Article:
“Primark breastfeeding row mum charged with perverting the course of justice”. What does it all mean?
Earlier on this week, it was featured in the news that a mother from Leicester is facing a charge of intending to pervert the course of justice, after claiming that a security guard in Primark had assaulted her while removing her breastfeeding baby.
But what exactly is the offence perverting the course of justice?
First of all, perverting the course of justice is an indictable only offence which means that only the Crown Court can deal with the matter; as these are offences that are considered to be so serious that they can only be dealt with by the Crown Court. Like with all criminal proceedings, the case will be brought before the Magistrates’ Court for an initial hearing. However, the Magistrates’ Court will send the case straight to the Crown Court. The offence of perverting the course of justice is considered to be so serious that it can warrant a maximum custodial sentence of life imprisonment.
Perverting the course of justice is a common law offence which means that it has been developed through the Courts over time. The offence is committed if a person does the following:
Acts or embarks upon a course of conduct; which has a tendency to, and, is intended to pervert the course of justice.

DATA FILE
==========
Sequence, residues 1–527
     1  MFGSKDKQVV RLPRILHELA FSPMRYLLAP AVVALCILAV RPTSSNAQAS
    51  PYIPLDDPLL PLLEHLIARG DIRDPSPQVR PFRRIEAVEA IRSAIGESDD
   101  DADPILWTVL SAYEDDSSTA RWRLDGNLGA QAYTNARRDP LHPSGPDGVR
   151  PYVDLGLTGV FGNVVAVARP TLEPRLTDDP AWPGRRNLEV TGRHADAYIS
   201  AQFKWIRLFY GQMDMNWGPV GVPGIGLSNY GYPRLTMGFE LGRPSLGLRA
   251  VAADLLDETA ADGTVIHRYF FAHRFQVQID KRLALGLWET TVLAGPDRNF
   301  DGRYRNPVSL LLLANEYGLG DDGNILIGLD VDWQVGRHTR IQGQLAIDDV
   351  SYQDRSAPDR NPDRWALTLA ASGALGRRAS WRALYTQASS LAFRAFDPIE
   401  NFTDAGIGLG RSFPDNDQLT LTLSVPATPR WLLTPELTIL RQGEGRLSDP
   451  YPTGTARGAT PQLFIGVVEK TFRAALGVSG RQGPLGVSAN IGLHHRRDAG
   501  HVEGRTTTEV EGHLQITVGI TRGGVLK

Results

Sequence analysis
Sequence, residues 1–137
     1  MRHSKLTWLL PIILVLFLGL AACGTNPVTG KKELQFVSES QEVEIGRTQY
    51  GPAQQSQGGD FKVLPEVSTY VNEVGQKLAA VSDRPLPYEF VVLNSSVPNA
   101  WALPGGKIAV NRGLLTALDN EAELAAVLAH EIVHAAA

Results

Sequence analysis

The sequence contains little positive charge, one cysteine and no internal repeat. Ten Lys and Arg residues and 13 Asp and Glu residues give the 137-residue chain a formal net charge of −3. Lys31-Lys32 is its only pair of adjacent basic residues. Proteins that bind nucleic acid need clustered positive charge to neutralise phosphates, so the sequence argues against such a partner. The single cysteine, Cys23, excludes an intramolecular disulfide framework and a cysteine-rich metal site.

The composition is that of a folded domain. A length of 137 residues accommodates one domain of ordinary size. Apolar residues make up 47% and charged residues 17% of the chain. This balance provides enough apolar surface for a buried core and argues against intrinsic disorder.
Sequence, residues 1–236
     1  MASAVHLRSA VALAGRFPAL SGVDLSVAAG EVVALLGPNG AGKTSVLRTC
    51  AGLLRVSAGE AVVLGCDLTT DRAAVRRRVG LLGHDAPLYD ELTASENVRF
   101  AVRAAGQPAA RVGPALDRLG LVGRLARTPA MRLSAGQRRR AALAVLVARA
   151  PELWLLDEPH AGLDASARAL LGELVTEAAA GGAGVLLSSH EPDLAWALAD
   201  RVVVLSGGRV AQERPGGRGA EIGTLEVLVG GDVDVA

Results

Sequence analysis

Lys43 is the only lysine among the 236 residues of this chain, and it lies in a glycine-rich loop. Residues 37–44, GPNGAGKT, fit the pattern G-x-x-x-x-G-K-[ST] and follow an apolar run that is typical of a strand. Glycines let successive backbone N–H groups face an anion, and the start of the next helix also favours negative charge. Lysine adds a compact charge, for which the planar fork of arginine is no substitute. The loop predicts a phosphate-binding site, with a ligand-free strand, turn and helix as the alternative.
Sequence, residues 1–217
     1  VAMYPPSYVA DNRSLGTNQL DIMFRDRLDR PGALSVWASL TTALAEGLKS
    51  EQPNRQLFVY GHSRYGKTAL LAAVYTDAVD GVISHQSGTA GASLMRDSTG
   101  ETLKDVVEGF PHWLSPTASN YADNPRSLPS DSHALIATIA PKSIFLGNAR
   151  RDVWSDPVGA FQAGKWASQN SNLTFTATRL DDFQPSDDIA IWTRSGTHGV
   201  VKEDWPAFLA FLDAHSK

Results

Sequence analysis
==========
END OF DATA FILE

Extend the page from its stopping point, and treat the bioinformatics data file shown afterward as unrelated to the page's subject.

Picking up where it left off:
Now that probably does not explain an awful lot, so here are some examples which will help to show you the type of conduct that will amount to perverting the course of justice:
- Making false allegations
- Deliberately giving a false statement, or false evidence in court
- Concealing an offence
- Failing to prosecute
- Interference with witnesses, evidence and jurors
- Assisting others to evade arrest
So for example, if you falsely made an allegation that a family member had punched you and you intended that it should be taken seriously by the police, you could be committing of an offence of perverting the course of justice.
Did you know that even accepting speeding penalty points on the behalf of another, amounts to perverting the course of justice? Former energy secretary and Liberal Democrat MP Chris Huhne and his ex-wife Vicky Pryce were each jailed in 2013, after Pryce took speeding points for Huhne.
Should you require any legal assistance in relation to an offence of perverting the course of justice, please feel free to contact a member of our criminal department on 0116 255 4855, who will be more than happy to assist you.